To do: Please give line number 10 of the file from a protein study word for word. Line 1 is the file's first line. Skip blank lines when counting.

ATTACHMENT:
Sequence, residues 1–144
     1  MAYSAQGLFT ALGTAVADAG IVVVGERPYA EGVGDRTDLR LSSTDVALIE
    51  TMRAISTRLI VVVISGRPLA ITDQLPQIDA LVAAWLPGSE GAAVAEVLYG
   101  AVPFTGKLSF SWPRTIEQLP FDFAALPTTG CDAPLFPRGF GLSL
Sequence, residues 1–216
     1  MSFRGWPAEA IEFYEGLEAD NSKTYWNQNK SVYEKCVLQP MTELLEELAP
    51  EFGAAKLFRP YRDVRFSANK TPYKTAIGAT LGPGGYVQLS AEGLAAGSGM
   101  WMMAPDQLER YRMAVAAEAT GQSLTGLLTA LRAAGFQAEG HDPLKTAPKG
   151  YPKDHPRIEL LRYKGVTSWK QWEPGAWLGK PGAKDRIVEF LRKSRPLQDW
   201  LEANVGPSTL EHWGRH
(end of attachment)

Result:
   201  LEANVGPSTL EHWGRH